stories

Is the first Hobbit movie a ‘religious word’ or principle or something which can change at the heart level?

2013. This is Anglican Archbishop David Moxon’s “review” of the first Hobbit movie via an interview I did with him in 2013.

With the release of The Hobbit, I wonder if you can share with me your opinion of the first movie and as it relates to the book, if you’ve had time to see it yet.

 

Archbishop David Moxon: I have seen the movie several times with family and friends. Once again Peter Jackson [the director of the film and the previous Lord of the Rings trilogy] has sought to be true to the book, but to expand on the content for filming purposes, while being true to Tolkien’s attitudes and themes. For example, the character of Radagast is very obscure in the book but becomes much more significant and powerful in the movie, while keeping an authentic representation of who he was and what he did in the world. Radagast probably derives, for Tolkien, in part from some principles that were embodied in St Francis of Assisi, but Peter Jackson works this into a very graphic and plot changing role in Fransiscan terms. The White Orc doesn’t exist in The Hobbit book but embodies much of what Tolkien described in the malice and cruelty of the orc culture, so the white orc is an archetype of those negative themes and actions in the book.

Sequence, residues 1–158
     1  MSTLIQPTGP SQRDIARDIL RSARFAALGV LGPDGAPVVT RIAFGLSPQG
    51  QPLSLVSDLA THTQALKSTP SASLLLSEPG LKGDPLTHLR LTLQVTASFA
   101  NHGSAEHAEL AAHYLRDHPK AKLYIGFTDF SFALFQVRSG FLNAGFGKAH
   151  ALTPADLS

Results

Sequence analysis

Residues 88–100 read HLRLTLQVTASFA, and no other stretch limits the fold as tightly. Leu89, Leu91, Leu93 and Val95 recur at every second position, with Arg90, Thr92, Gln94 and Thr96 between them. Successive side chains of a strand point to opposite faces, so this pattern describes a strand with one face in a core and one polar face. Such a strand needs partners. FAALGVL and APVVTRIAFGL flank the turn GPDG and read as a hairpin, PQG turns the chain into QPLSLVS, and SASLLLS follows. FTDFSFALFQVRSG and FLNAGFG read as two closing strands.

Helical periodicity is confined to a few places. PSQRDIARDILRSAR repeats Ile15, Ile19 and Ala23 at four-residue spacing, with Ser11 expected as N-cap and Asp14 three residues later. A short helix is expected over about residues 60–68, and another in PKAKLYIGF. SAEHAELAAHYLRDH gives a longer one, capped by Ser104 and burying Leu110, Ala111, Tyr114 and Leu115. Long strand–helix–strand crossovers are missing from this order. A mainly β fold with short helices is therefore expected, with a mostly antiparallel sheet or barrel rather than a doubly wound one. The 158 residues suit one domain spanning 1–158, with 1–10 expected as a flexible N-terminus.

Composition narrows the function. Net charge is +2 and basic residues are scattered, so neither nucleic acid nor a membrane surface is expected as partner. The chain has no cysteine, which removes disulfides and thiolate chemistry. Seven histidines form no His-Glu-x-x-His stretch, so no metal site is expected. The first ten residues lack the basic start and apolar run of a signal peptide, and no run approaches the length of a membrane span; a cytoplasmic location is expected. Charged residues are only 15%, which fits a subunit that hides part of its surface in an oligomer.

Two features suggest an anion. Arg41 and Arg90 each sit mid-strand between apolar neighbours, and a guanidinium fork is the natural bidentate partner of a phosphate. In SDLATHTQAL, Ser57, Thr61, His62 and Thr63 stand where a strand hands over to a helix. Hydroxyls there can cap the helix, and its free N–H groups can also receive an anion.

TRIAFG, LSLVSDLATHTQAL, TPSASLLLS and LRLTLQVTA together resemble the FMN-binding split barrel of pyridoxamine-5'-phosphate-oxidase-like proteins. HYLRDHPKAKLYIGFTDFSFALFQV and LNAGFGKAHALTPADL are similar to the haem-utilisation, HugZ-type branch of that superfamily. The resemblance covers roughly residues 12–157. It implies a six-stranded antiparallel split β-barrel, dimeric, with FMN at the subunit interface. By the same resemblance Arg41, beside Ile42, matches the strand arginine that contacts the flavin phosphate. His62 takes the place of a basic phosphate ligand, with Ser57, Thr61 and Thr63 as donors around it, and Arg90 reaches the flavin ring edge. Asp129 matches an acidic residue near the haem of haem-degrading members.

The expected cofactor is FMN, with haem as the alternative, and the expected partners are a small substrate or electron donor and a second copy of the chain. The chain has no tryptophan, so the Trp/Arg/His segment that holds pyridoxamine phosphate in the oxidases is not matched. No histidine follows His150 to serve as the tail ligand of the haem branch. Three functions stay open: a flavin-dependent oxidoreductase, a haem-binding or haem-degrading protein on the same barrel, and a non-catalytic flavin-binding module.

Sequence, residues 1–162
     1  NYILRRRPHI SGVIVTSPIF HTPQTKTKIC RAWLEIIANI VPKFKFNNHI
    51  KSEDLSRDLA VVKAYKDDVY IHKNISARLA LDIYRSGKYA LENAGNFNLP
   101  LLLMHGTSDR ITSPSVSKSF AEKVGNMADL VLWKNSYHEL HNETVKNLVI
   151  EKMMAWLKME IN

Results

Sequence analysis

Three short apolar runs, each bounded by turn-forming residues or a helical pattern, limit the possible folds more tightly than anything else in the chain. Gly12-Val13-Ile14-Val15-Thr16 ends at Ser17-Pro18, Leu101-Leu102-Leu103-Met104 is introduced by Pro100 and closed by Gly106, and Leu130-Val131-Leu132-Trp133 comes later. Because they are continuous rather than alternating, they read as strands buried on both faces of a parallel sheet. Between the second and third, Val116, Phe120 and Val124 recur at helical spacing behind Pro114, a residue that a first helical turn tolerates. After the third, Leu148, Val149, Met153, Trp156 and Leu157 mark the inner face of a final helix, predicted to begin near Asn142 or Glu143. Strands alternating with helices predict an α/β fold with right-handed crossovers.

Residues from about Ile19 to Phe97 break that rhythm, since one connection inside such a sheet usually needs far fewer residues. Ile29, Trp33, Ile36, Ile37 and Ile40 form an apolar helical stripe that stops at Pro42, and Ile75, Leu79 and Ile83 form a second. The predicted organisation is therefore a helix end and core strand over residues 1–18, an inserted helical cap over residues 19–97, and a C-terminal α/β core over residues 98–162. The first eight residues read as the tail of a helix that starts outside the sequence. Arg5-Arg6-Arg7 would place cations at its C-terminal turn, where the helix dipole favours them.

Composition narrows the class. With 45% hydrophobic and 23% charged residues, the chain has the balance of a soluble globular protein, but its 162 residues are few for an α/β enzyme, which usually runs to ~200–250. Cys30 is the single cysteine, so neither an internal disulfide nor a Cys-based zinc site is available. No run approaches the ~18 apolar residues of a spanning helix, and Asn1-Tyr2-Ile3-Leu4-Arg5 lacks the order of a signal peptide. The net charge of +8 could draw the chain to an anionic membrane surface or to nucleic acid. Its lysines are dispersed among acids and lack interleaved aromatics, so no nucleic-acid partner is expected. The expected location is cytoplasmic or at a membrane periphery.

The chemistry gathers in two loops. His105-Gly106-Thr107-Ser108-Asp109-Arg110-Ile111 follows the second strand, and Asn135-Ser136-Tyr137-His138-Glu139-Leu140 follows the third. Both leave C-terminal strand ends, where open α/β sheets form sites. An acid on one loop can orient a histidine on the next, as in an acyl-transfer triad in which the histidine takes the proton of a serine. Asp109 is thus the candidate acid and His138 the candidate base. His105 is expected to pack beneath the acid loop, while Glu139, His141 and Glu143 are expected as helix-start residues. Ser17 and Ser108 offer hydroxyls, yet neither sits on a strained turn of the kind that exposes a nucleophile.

How would you personally describe the outcomes you want in the power of story, such as in The Lord of the Rings or The Hobbit, or whatever story.

 

David Moxon: Every good story has echoes of the goodness of God. Wherever there is goodness there is God, who is the author of goodness, so I hope that good stories, stories of the good news will continue to transform our living and contribute to the healing of the world, which is the universal passion of God.

 

 

Is the first Hobbit movie a ‘religious word’ or principle or something which can change at the heart level?

 

David Moxon: There are clear Christian principles and values in The Hobbit. Tolkien wrote it for his children and embedded, even if subconsciously at first, his faith, beliefs, and ethics. They are echoed everywhere and hidden like buried treasure on every page. The more you read the story the more the morals of the story plant themselves in your mind. This is not Christian allegory, but it is Christian metaphor for different kinds of faith, hope and love, even if God isn’t mentioned. For example the supreme value of restorative justice, of courage even when the odds are stacked against you, and the primacy of hope , even when all seems hope less, and the fact that even though we make serious miscalculations, and act of selfishness and greed very often, nevertheless we can learn and recover our lost humanity and dignity. We can rise again into new forms of generosity and can grow in kindness and understanding through adversity. And when we do this some mighty force comes to our assistance.

 

 

Is the Tolkien book more transformative?